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84 of 104 people found the following review helpful: 3.0 out of 5 stars Decent as Half an HTPC, Still Lacks in Meeting Expectations, March 6, 2010 This review is from: Zotac MAG Intel Atom N330, NVIDIA ION, 2 GB DDR2, 160 GB HD, eSATA, HDMI HD-ND01-U Mini PC - No OS (Personal Computers) I recently had a chance to compare this Zotac MAG to the to its most popular competitor from Acer (http://www.amazon.com/gp/product/B0030L3ASU?tag=a52-20&ie=UTF8) and I have a bit to say about both. I've broken down my comparison by specific sections, detailing often-overlooked characteristics of computers.

As someone who has been involved in mini-PCs, having owned one since ASUS first started vying to draw attention away from Apple's still-visually-unchanged Mac Mini, I hope you find my review helpful and that the insight I share positively impacts your buying decision.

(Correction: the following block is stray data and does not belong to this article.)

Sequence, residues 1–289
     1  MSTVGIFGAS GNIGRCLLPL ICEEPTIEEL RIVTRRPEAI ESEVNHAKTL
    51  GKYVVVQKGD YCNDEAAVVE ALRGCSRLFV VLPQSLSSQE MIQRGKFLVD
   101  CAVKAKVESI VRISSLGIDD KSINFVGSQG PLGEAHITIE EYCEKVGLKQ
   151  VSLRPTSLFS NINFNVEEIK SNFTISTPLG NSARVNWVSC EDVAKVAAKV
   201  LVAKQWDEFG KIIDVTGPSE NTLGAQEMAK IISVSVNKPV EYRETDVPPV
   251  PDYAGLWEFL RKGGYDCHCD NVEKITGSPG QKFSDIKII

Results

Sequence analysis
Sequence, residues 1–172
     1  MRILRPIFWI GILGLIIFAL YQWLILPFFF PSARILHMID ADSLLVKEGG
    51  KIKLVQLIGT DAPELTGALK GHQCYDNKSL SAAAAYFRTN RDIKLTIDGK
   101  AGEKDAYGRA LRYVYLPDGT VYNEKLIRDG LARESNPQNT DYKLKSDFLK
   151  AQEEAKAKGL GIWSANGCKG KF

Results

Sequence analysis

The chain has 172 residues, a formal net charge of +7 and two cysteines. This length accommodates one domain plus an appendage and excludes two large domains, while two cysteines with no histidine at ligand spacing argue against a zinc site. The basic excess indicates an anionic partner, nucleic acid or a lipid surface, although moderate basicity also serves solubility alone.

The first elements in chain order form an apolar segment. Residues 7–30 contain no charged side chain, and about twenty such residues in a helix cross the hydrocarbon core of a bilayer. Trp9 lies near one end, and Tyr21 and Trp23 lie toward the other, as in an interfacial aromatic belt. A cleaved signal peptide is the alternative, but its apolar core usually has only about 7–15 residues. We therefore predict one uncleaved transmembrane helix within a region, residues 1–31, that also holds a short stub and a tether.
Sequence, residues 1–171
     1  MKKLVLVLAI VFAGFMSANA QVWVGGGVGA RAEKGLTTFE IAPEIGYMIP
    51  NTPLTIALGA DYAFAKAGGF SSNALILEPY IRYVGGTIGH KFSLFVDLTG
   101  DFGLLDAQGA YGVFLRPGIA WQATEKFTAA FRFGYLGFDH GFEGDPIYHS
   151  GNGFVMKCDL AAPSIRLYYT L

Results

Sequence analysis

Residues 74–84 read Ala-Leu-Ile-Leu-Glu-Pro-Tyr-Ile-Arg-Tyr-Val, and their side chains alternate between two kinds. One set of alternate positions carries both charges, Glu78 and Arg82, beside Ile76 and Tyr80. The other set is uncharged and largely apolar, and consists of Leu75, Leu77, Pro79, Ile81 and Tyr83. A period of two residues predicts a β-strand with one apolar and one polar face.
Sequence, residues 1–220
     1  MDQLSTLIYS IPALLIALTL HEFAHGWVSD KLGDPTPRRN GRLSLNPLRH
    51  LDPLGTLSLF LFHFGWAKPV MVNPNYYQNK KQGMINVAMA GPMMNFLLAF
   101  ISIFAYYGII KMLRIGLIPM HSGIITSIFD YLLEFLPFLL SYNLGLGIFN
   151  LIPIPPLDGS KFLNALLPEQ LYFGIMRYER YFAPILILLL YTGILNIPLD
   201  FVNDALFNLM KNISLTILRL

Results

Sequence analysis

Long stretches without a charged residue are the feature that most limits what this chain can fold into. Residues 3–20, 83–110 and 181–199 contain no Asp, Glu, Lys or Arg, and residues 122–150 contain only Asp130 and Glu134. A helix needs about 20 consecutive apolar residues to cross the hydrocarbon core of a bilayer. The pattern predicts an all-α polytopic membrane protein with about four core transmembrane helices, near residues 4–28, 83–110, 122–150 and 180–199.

You may have noticed that no operating system is included with this unit. While some may see this as a limitation or a caveat, true HTPC junkies know that the best home theater programs are truly found on Windows. Windows Media Center is a decent looking application and it indeed works, but it has limitations (mostly due to the legalities of Digital Rights Management). Open source applications like MythTV, XBMC and Boxee (the latter two being front-end only, meaning no recording capabilities) give you a bit more freedom with what you can do with your media, including flexibility and where your media is viewed (e.g. on an alternate computer, media extender, burned to DVD, transferred to a mobile device, etc).